Cinemalphabet: J is for The Jackal (1997
Before watching The Jackal I didn’t realize Michael Caton-Jones’ in the director’s chair all but guaranteed schlocky, unintentional lulz. With a resume boasting films such as: Basic Instinct: Risk Addiction, City (shitty) by the Sea and truly wretched Doc Hollywood, I guess I should have known better. For years I avoided The Jackal, because La Mommie raised me right; I had seen the vastly superior original – Day of the Jackal (1973), which should have been the final word on things. I haven’t yet managed to catch Carlos (another film tackling the events), but based on the critical praise its received, I’m certain it’s head and shoulders above this silly, Willis-Gere-Poitier remake
Roger Ebert offered this brief summary of The Jackal‘s chief flaw:
“The Jackal” is a glum, curiously flat thriller about a man who goes to a great deal of trouble in order to create a crime that anyone in the audience could commit more quickly and efficiently.
I have to give the film credit; at least it set its sights much lower than the original. If you don’t know, the original film centers around a hired assassin and his attempt to kill Charles de Golly and the manhunt that ensues! Similar to Z, Day of the Jackal unfolds in breathtaking speed, while balancing the demands of telling a political story convincingly. The Jackal, on the other hand, eschews offering the audiences a convincing plot or intelligent characters and instead hopes the audience will be hypnotized by the dizzying array of wretched hairpieces affixed to Willis’ lovely dome, which are used the way cable access programming uses those crappy wipes to jankily transition to the next shitty, implausible scene.
Oddly, though not surprisingly to me, Bruce’s acting isn’t the biggest problem. Oh no, that dubious distinction is reserved for Richard Gere, who unlike Willis is usually the chief reason a shitty film starring him doesn’t work. That said, when Gere is on – see: Chicago, Pretty Woman, Primal Fear or Shall We Dance – he is a reason for getting up in the morning. So when I say that Gere stinks ten ways to Sunday, I do so with much ache in my heart and pain in my stomach.Gere showcases the world’s worst “Irish” accent. I suspect he was coached by someone who runs their dialect coaching business out of an old, intact Burger King restaurant.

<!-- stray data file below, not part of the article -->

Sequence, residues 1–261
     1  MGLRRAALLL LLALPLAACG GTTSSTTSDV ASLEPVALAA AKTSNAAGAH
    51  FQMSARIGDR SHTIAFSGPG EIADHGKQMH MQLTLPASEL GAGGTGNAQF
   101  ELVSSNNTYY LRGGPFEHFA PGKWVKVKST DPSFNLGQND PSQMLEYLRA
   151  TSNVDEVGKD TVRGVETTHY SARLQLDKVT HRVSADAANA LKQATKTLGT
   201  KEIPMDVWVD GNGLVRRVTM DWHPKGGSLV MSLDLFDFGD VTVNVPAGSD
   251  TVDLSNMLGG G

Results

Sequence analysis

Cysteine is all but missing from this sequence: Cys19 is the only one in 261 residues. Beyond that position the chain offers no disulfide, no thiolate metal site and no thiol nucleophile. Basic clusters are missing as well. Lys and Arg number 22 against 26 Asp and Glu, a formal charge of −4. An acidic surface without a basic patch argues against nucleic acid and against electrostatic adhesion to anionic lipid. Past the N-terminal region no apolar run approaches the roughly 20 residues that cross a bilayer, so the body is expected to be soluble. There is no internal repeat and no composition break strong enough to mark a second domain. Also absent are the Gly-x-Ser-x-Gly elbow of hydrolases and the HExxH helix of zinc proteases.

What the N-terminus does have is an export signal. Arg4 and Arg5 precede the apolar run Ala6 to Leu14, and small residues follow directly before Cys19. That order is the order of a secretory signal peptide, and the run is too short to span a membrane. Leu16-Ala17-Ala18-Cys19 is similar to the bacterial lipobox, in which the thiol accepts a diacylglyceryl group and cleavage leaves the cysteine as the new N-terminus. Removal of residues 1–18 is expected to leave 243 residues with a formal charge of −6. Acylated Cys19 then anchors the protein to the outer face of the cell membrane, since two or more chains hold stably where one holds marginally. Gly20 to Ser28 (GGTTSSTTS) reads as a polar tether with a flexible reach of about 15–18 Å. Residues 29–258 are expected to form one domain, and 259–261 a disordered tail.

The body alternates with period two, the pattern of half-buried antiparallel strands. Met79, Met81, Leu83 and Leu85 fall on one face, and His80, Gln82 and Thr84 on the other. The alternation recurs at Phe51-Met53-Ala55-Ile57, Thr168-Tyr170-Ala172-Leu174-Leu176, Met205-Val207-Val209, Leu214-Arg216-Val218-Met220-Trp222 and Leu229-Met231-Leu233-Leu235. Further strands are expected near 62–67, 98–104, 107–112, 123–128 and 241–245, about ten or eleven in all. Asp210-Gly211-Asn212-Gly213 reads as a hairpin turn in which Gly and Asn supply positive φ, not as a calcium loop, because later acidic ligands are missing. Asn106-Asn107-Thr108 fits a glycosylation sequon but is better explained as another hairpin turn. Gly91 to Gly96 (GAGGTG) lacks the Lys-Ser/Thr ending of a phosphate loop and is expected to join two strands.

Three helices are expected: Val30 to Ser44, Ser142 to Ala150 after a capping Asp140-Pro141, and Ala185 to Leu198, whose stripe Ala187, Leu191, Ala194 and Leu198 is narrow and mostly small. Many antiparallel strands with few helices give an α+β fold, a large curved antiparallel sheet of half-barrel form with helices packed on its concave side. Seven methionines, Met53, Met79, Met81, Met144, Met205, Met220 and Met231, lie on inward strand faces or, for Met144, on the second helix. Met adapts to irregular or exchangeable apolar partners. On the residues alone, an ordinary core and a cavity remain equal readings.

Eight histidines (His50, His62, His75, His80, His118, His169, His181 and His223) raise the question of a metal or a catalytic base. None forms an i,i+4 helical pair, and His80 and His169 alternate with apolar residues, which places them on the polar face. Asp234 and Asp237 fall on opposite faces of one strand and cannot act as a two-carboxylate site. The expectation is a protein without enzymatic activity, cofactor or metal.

Gere’s shitty Lucky Charms “Irish” accent starts off bad and goes on to sink to levels beyond the punishment the “Irish” accent sustained during the filming of The Devlin’s Own. But who cares because Gere is so freaking gorgeous. That the “Irish” accent is stinky is criminal. That the director insisted on punishing the audience with it is unforgivable. But Gere’s not the only one wielding a terrible accent. The normally fabulous Diane Venora is saddled with a craptastic “Russian” accent that like so many bad “Russian” accents before her tries to soar, but comes to rest squarely in “Moose and Squirrel” territory.
Among the many things annoying about the film is its attempt to elevate even the most pitiful thriller tropes. In this case recruiting a reluctant harden criminal in order to assist the frazzled johnny lawmen in their attempt to snare The Jackal before he is able to procure all his weaponry and complete his mission. Other movies – like The Rock or Sneakers – execute this trope much better, but to be clear it’s shopworn offering little in the way of narrative interest or conflict development. That said, there are some nice turns by J.K. Simmons and even Jack Black, who tends to do his best work as a part of a large ensemble.
I’ve gone as a long as I could without mentioning the legendary Sidney Poitier, who appears as a FBI mucky muck whose characterization seems to be the blueprint for many of Morgan Freeman’s future phoned-in head-brother-in-charge performances. Poitier is marvelous, which only highlights all that is wrong with the film. Poitier moves and acts convincingly like a federal agent, which makes since given he played a role similar to this one in the highly underrated and charming Sneakers.
As I mentioned, Bruce’s performance is not the problem here. In fact, he’s quite engaging – given the flimsy story and character development – as “The Jackal”. Willis is adept at making otherwise stock characters informed by malevolence and apathy feel well rounded and even a bit charming. In an early scene The Jackal meets with a forger and while there is tension because often a character as ruthless as The Jackal’s supposed to be usually wastes lots of time offing anyone who might be traced back to him, Willis’ Jackal makes calculated decisions about which of his contacts are worth the bullet.
I really liked that about his character and I really enjoyed how he played those scenes. The Jackal, while professional, is not cold in the way most films about hired assassins would usually depict such a person, and that’s pretty refreshing too. Willis strikes a similar note in The Siege. As a political thriller, The Jackal is a soggy retread of themes familiar to the audience. As another example of Bruce Willis’ Teflon like ability not to have any stink stick to him no matter how punishing the material, well The Jackal is another stellar example of the undeniable charms of Mr. Willis.